09 Jan A Familiar Story for Black Women
Originally published on ProPublica.
Lying on her living room sofa, her head cradled just under her husband’s shoulder, Brooke Smith pulled out a pen and began marking up her medical records.
Paging through the documents, she read a narrative that did not match her experience, one in which she said doctors failed to heed her concerns and nurses misrepresented what she told them. In anticipation of giving birth to her first child in the spring of 2014, Brooke had twice gone to the hospital in the weeks leading up to her due date because she hadn’t felt the baby kick, her medical records show. And twice doctors had sent her back home.
Brooke, a Black singer-songwriter who has worked as a New York City elementary school teaching assistant, has kept her medical records as a reminder of all that unfolded and all that she believes could have been prevented.
After that second hospital admission, and following some testing, she was diagnosed with “false labor” and discharged, records show, though she was 39 weeks and 3 days pregnant and insisted that her baby’s movements had slowed. Research shows that after 28 weeks, changes in fetal movement, including decreased activity or bursts of excessive fetal activity, are associated with an increased risk of stillbirth. The risk of delivering a stillborn child also continues to rise at or after 40 weeks.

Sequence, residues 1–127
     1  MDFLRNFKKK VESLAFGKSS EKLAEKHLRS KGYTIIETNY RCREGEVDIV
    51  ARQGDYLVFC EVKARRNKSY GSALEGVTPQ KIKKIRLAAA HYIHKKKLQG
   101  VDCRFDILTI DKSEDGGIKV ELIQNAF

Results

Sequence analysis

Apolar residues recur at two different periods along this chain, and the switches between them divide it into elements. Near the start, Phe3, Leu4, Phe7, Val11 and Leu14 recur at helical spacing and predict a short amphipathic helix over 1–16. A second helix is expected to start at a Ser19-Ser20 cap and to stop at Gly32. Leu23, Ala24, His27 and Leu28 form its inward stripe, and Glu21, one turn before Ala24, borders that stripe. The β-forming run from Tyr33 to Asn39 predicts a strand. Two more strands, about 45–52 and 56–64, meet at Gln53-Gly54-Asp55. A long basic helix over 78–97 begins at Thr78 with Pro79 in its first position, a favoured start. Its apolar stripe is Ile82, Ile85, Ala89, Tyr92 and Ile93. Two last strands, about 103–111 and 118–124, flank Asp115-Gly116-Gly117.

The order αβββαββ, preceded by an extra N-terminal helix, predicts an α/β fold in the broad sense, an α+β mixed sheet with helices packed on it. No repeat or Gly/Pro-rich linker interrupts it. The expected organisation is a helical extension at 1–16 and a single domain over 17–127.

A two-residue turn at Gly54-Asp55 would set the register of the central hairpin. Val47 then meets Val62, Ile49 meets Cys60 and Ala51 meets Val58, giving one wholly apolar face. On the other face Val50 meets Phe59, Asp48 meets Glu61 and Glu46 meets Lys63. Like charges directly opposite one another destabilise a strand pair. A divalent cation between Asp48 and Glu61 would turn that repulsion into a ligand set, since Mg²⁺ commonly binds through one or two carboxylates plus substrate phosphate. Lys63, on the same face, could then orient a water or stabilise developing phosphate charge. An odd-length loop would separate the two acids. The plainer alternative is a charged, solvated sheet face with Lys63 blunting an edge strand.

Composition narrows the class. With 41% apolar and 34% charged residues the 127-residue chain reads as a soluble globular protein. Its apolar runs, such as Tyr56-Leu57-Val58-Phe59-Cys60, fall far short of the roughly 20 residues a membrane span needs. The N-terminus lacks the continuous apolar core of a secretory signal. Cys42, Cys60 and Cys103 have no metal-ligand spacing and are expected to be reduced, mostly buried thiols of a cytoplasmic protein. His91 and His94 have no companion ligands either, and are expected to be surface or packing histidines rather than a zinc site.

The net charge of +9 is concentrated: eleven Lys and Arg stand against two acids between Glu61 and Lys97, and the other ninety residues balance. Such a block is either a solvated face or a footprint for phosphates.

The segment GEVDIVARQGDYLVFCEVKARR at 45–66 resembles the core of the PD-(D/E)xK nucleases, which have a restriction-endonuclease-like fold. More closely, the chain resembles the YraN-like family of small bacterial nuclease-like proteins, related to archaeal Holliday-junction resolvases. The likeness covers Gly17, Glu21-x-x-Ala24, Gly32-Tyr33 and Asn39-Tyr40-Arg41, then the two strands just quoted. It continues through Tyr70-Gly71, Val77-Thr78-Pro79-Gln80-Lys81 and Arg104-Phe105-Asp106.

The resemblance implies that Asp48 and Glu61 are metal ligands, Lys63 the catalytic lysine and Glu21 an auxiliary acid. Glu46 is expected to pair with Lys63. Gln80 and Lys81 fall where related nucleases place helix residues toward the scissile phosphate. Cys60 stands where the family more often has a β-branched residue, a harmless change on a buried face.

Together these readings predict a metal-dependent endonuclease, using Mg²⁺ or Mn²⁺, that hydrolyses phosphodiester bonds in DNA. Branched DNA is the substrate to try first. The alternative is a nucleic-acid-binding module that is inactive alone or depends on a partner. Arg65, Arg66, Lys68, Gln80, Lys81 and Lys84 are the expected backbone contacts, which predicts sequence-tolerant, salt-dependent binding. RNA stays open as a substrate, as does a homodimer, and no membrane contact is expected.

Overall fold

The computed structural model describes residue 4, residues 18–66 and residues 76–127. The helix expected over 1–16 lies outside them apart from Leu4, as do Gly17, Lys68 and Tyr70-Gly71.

Six days later, she and her husband, Colin, met friends for breakfast. Brooke, then 33, had pancakes with whipped cream, the kind of sugary meal that usually prompted kicks from her baby within minutes. When the baby didn’t move, she told her husband they needed to return to the hospital for a third time.
Her due date had come and gone; this time she wasn’t leaving until doctors delivered her baby.
But at the hospital they learned their baby, a girl they had named Kennedy Grey, had died in Brooke’s womb. She would have to deliver their stillborn daughter.
The doctor, the same one who had been on call during her second hospital admission less than a week before, asked her when she last felt the baby move. Brooke said she had felt rapid, almost violent kicking two days earlier, followed by wave-like movements. The doctor, Brooke said, told her that she should have come in earlier.
“If they would have listened to me earlier, I would have delivered a living baby,” Brooke said recently. “But if you’re a Black woman, you get dismissed because it’s like, ‘What are you complaining about now?'”
For Brooke, her experiences in the last weeks of her pregnancy, along with what she later discovered in her medical records, crystallized what researchers and medical experts have found: While many pregnant people say their doctors and nurses do not listen to them and their concerns are often dismissed, pregnant Black people face an even higher burden.